In step and on time – the Adams State Marching Band’s energy entertains and inspires
By: Mariah Pepe
Working together in literal and figurative harmony, the Adams State College marching band jams through another football season.
This year, the band is remaining true to the Adams State Hispanic heritage with its lively Latin theme. The band opens with a piece called “Roar” and closes with “Chiapas”. The middle song changes every game between “Crazy in Love”, “Oye Como Va”, and “Ran Kan Kan”.
This smooth performance, under the direction of Dr. James VanValkenburg, assistant professor of music, and James Doyle, visiting assistant professor of music, is the product of a lot of effort. The band practices for four and a half hours every week and the different sections meet for further rehearsal. This could mean an extra hour or two depending on the section and any obstacles it is facing. Drum Major Chelsea Oden acknowledges this is a small time commitment, so it “inspires the band the goal of being ten times as efficient in [their] marching rehearsals and demands the necessary and rewarding commitment of optimal focus.” She also practices clarinet at least two hours a day and “counts [herself] lucky to get in four hours of practice.” It takes individual dedication from each of the members to achieve the success of this band.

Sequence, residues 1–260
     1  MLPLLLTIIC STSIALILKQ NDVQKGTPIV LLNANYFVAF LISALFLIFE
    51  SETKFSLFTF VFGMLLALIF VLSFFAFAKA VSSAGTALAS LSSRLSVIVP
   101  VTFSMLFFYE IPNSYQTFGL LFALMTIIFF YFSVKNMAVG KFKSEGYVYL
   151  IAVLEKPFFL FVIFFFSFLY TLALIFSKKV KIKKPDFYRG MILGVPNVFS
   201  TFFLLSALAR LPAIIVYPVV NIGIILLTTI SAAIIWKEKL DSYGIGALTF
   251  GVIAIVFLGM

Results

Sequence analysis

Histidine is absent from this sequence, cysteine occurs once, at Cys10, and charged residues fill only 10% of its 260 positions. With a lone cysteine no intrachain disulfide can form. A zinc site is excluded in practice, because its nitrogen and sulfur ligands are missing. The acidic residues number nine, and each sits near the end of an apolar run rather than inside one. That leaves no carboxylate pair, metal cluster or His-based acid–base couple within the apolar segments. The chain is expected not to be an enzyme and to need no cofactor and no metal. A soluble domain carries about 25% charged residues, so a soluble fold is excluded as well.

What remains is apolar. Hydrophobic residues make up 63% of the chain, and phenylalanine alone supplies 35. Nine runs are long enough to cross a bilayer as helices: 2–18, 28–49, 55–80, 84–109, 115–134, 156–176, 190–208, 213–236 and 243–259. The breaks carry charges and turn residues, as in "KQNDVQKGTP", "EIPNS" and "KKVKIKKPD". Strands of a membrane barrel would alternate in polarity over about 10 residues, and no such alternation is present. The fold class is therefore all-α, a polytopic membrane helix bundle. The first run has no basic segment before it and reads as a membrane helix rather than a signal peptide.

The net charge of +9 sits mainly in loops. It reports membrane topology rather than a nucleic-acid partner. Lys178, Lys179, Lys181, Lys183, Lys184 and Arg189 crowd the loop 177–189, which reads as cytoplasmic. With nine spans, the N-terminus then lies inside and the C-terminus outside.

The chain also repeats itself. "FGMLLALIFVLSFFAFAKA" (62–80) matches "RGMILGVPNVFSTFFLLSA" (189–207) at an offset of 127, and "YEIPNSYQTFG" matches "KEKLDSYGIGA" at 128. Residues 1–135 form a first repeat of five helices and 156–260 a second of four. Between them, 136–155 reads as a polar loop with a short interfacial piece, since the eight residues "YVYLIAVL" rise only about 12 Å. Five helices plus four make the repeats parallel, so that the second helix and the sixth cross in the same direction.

Accompanying the band, the color guard’s choreography was written by multiple people. Sarah Davis, a former ASC student, directed “Roar”, and Oneyda Maestas, student engagement and success instructor, taught “Crazy in Love”. The color guard collaborated on the rest of the pieces.
In addition to practicing the performance, the band seeks interactions with multiple high school bands. Marching band takes “the opportunity to get involved with high school bands preparing for competitions,” says Oden. They performed for the Monte Vista bands at a marching exhibition, and they recently invited high schools to Adams State to practice performing for their competitions. It was a great bonding experience, practice opportunity, and it encourages the students to pursue marching band at the college level; it’s a great chance to celebrate the hard work of the marchers on all levels.
Oden says “in order to function as one unit, everyone must be flexible, willing to contribute, and determined to learn.” At the games, the band has overcome the physical and mental challenges of marching, and they are now enjoying the honor of performing with such prestigious talent.